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Sometimes the line between “planet” and “comet” can get a little blurry…especially in Mercury’s case! This video, taken by NASA’s two-piece STEREO (Solar Terrestrial RElations Observatory) spacecraft – consisting of one unit orbiting the Sun just ahead of the Earth and another behind – shows Mercury over a four-day period, shining brightly in the solar wind and exhibiting a tail of gas streaming away opposite the sun in very much the same manner as a comet’s tail. This tail may be made of sodium atoms stripped off the planet by solar wind, but some researchers at Boston University say that the tail is shining too brightly to be sodium. Whatever the case it’s another example of the discoveries scientists are making every day about our solar system, with the help of amateur astronomy enthusiasts around the world!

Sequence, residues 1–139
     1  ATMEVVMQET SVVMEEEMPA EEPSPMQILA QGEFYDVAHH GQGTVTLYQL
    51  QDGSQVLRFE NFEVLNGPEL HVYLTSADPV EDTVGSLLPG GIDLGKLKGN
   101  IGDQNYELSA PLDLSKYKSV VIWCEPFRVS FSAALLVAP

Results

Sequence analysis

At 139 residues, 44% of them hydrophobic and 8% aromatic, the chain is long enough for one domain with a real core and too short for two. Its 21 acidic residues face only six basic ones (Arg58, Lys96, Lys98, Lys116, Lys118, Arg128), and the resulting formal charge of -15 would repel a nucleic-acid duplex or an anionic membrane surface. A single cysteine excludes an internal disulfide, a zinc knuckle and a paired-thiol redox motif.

Of special interest is the way the tail feature was spotted in the STEREO data. It was not found by the BU team, but by Ian Musgrave, a medical researcher in Australia who has a strong interest in astronomy. Viewing the on-line data base of STEREO images and movies, Dr. Musgrave recognized the tail and sent news of it to Boston asking the BU team to compare it with their observations.
– Boston University Imaging Science press release
Video credit: Carl Schmidt, Jeffrey Baumgardner, Prof. Joshua Semeter from Boston University.